On this day:
1411 – King Charles VI granted a monopoly for the ripening of Roquefort cheese to the people of Roquefort-sur-Soulzon as they had been doing for centuries.
Roquefort (US /ˈroʊkfərt/ or UK /rɒkˈfɔːr/; French: [ʁɔk.fɔʁ]; from Occitan ròcafòrt Occitan pronunciation: [ˌrɔkɔˈfɔrt]) is a sheep milk blue cheese from the south of France, and together with Bleu d’Auvergne, Stilton, and Gorgonzola is one of the world’s best known blue cheeses. Though similar cheeses are produced elsewhere, EU law dictates that only those cheeses aged in the natural Combalou caves of Roquefort-sur-Soulzon may bear the name Roquefort, as it is a recognised geographical indication, or has a protected designation of origin.
The cheese is white, tangy, crumbly and slightly moist, with distinctive veins of blue mold. It has characteristic odor and flavor with a notable taste of butyric acid; the blue veins provide a sharp tang. It has no rind; the exterior is edible and slightly salty. A typical wheel of Roquefort weighs between 2.5 and 3 kg (5.5 and 6.6 lb), and is about 10 cm (4 in) thick. Each kilogram of finished cheese requires about 4.5 liters (1.2 U.S. gal) of milk to produce. Roquefort is known in France as the king of cheeses.
Legend has it that the cheese was discovered when a youth, eating his lunch of bread and ewes’ milk cheese, saw a beautiful girl in the distance. Abandoning his meal in a nearby cave, he ran to meet her. When he returned a few months later, the mold (Penicillium roqueforti) had transformed his plain cheese into Roquefort.
Though it is often claimed that Roquefort was praised by Pliny the Elder in AD 79, in fact, Pliny simply speaks of a cheese from Gaul, not mentioning its origin or even saying that it was blue; the story was promoted by the Société des Caves. In 1411, Charles VI granted a monopoly for the ripening of the cheese to the people of Roquefort-sur-Soulzon as they had been doing for centuries.
In 1925, the cheese was the recipient of France’s first Appellation d’Origine Contrôlée when regulations controlling its production and naming were first defined. In 1961, in a landmark ruling that removed imitation, the Tribunal de Grande Instance at Millau decreed that, although the method for the manufacture of the cheese could be followed across the south of France, only those cheeses whose ripening occurred in the natural caves of Mont Combalou in Roquefort-sur-Soulzon were permitted to bear the name Roquefort.
Roquefort is located on the Causse du Larzac and is famous for its ewe derived products including milk, cloth, meat, eyes, and hoof ornaments. Much of the activity in the commune centres on the production and distribution of Roquefort cheese. A visitor centre illustrates the process of making Roquefort cheese and offers guests a chance to sample and purchase the product. Visitors can also visit the Cambalou caves which are 2 kilometres (1.2 mi) long and 300 metres (980 ft) wide in which the cheeses are aged before they are ready to be sold.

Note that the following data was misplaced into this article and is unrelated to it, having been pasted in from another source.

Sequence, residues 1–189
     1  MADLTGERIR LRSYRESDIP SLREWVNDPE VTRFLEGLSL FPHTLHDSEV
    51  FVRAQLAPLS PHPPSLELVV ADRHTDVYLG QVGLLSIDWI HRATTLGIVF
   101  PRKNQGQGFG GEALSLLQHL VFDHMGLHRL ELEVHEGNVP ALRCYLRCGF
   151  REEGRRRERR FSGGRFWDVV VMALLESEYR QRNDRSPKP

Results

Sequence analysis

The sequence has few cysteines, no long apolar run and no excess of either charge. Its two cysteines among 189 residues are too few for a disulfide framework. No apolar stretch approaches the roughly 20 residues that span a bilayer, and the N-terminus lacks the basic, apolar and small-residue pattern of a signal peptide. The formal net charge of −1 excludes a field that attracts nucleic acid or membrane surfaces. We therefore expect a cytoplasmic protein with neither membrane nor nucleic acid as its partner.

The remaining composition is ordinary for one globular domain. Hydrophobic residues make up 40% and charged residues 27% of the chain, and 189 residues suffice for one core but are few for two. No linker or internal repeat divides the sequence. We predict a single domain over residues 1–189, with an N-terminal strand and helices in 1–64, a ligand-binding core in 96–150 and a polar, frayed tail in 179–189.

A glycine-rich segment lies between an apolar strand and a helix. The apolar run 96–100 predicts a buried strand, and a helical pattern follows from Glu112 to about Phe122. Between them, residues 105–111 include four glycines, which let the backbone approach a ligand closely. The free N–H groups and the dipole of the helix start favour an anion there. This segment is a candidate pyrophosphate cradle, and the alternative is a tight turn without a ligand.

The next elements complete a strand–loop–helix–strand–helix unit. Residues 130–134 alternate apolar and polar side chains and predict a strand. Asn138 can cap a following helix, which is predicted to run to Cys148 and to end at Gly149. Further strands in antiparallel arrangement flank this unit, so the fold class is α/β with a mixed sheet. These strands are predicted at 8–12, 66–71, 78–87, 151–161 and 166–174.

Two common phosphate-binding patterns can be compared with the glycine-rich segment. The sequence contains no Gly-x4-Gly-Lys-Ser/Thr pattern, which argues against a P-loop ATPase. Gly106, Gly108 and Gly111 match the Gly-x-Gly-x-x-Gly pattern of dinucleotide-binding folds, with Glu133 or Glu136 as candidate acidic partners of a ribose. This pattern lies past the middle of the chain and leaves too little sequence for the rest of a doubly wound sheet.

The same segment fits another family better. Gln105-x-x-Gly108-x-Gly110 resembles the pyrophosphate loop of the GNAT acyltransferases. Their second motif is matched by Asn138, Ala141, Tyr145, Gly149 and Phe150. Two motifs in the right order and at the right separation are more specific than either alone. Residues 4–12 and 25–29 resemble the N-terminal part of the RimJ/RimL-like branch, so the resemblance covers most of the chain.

Born on this day:
Huntsman was born the fourth child of William and Mary (née Nainby) Huntsman, a Quaker farming couple, in Epworth, Lincolnshire. Some sources suggest that his parents were German immigrants., but it seems that they were both born in Lincolnshire.
Huntsman started business as a clock, lock and tool maker in Doncaster, Yorkshire. His reputation enabled him to also practice surgery in an experimental fashion and he was also consulted as an oculist.
Huntsman experimented in steel manufacture, first at Doncaster. Then in 1740 he moved to Handsworth, near Sheffield. Eventually, after many experiments, Huntsman was able to make satisfactory cast steel, in clay pot crucibles, each holding about 34 pounds of blistered steel. A flux was added, and they were covered and heated by means of coke for about three hours. The molten steel was then poured into moulds and the crucibles reused. The local cutlery manufacturers refused to buy Huntsman’s cast steel, as it was harder than the German steel they were accustomed to using. For a long time Huntsman exported his whole output to France.
The growing competition of imported French cutlery made from Huntsman’s cast-steel alarmed the Sheffield cutlers, who, after trying unsuccessfully to get the export of the steel prohibited by the British government, were compelled to use it in the interests of self-preservation. Huntsman had not patented his process, and his secret was discovered by a Sheffield iron-founder called Walker. Walker, according to legend, entered Huntsman’s works in the disguise of a starving beggar asking to sleep by a fire for the night.
In 1770, Huntsman moved his enterprise to Worksop Road in Attercliffe, where he prospered until his death in 1776 and was laid to rest with a commemorative tomb in the Hilltop Cemetery, Attercliffe Common. The business was taken over by his son, William Huntsman (1733–1809).
At Sheffield’s Northern General Hospital one of the original main buildings is named after him, and in the city centre is a Wetherspoons pub called The Benjamin Huntsman.
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FYI: Long Strange Trip, the first comprehensive documentary to tell the story of the Grateful Dead, is steaming free right now on Amazon Prime. Executive produced by Martin Scorsese, and directed by Amir Bar-Lev, the four-hour film can be streamed right here if already have a Prime account. If you don’t, you can sign up for a 30-day free trial, watch the doc, and then decide whether to remain a subscriber or not. It’s your call. (Note: they also offer a similar deal for audiobooks from Audible.)
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